Downsizing and Redundancy – How to Communicate Downsizing With Dignity

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2008 and 2009 have seen a growing tide of pressure for businesses to reorganize their workforce in an attempt to ride the economic storm. As a result, managers may be faced with the responsibility of calling an employee into their office to have that dreaded talk about redundancy and downsizing.

If only business could channel their communication on important issues around the organisation as effectively and as fast as the good old rumour mill. Nothing undermines morale and stops productivity in its tracks more than the threat of job loss, but that’s exactly what’s going to happen when word gets out that employee redundancy is on the agenda in your organisation. It’s vitally important to manage the void between rumour and the facts about the potential threat of downsizing and redundancy. Here are some key tips on managing that conversation with those employees whose positions are the target of redundancy.

1. As a general rule, communicate early, frequently, honestly and compassionately.

2. Be prepared. Make sure you have the facts in front of you and that the employee paperwork and employee support mechanisms are in place prior to having the redundancy conversation. Think ahead about how to answer the questions that are likely to arise – including the ones not related to work. Set aside a private, uninterrupted place in which to have the conversation, and have counseling support immediately available. No interruptions means a closed door, no mobiles, PDAs or blackberries.

3. Show Empathy. During the conversation about redundancy, look the person in the eyes, be clear and be empathetic. That person is probably going to move into the worry mode right off the bat, so they are unlikely to hear the full content of the conversation. Instead they may be distracted by some of the most serious problems a person can face all at one time. How will they feed their family? How will they pay the rent? How will they keep up with the mortgage? How will they face their peers back in the office? Are they not as worthwhile of valuable person as they thought they were? As an employer, do your best to really listen. Give them feedback that will let them know you care.

4. Be Responsible. Showing empathy inside the redundancy conversation doesn’t mean absolving yourself of responsibility for the decision. As a manager – whether you agree with the organisation’s decision or not- take responsibility for the decision, be clear about the reasons and refrain from blaming anyone else. The most compassionate position you can take is to be empathetic yet clear and decisive about the decision.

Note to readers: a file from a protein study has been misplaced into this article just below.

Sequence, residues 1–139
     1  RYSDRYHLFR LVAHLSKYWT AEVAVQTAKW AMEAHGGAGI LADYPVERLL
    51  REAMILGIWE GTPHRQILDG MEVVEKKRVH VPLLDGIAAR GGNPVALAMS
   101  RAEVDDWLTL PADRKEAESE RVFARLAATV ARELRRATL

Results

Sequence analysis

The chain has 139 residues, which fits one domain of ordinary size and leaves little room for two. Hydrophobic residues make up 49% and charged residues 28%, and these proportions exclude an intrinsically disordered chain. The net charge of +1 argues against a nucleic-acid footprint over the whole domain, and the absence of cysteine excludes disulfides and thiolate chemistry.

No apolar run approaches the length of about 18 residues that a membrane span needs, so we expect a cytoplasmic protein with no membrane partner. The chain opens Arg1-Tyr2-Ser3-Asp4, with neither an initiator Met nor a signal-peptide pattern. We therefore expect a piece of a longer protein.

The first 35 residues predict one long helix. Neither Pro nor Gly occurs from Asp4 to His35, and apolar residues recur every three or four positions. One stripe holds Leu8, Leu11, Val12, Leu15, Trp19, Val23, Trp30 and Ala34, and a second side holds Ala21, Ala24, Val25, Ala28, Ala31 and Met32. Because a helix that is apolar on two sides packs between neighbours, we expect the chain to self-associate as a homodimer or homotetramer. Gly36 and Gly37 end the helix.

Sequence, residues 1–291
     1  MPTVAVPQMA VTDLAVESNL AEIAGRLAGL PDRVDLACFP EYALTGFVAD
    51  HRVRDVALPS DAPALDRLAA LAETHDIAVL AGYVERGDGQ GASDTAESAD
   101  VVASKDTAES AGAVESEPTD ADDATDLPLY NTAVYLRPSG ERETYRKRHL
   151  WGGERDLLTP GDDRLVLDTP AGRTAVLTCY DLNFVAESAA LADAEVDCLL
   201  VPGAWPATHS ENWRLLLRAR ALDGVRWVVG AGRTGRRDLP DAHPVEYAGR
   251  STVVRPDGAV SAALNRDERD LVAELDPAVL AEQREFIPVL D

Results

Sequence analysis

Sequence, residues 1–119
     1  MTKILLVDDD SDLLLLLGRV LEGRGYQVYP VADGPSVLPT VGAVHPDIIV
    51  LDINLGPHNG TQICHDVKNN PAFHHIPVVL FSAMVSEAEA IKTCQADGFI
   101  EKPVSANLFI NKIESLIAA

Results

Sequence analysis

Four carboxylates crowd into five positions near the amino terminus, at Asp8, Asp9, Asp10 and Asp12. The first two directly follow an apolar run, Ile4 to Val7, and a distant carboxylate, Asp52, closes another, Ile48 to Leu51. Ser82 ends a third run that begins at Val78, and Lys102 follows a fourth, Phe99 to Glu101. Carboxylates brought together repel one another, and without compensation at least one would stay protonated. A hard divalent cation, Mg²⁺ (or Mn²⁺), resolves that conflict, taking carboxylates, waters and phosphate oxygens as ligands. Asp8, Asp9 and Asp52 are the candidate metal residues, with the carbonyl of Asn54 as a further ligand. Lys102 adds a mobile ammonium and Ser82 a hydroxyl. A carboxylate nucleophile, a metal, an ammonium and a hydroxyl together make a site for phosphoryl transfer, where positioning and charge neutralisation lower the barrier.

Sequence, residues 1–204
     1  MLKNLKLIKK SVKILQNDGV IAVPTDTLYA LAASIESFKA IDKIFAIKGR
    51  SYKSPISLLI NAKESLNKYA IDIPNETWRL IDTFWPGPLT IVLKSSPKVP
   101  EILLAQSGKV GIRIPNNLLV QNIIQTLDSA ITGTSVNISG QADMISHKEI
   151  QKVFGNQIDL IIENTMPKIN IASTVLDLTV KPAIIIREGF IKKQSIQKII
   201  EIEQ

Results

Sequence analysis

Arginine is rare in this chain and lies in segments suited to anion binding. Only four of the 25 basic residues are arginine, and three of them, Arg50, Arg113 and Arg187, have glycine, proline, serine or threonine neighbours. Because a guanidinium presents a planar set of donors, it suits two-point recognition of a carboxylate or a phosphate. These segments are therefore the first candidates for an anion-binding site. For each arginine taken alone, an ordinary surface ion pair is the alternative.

5. Offer Choice and Control. The knowledge that your position is redundant can be a very disempowering experience. The greatest healer of this experience can be the reassurance that the employee is in fact still in control. Relieve the pressure valve of uncertainty be offering answers to the most likely questions the employee will raise. Reinforce their experience of control by reminding them that they still have choices to make which are entirely within their control. Consider offering services that create a framework for these choices to take place, which could range from confidential counseling and training in effectively managing personal change through to up-to-date career transition education and insights into wealth creation.

6. Break the News as Early as Possible. People can be remarkably resilient, particularly when offered the hand of trust and respect. Rather than withhold vital information and allow the rumour mill to run unchecked, demonstrate to your employees some level of trust by letting them know as soon as possible that redundancies are on the table. Waste no time in advising individuals when the decision has been made that their individual position has been declared redundant. Give ample time for employees to work through the redundancy process, communicate with their team mates and even celebrate their separation with colleagues. Allowing employees a reasonable amount of time to prepare for separation is not an excuse for sloppy decision making, however, Make sure your decision making process is in high gear and the employee separation process moves as promptly as possible,

N.B. The time frame for separation depends on the perceived risk to the business. Unfortunately, in some instances, where security is a legitimate risk, then redundant employees may need to be escorted from the workplace nearly immediately.

7. A little thanks goes a long way. Let separating employees know how thankful you are for their service and loyalty to the business.

The redundancy conversation can be a stressful one – both for manager and employee (unless of course the employee wants a redundancy). Use these tips to ameliorate that stress and achieve two primary objectives. First, downsizing that meets your business objectives; and second, a process that transpires with everyone’s dignity intact.

© 2009 Di Worrall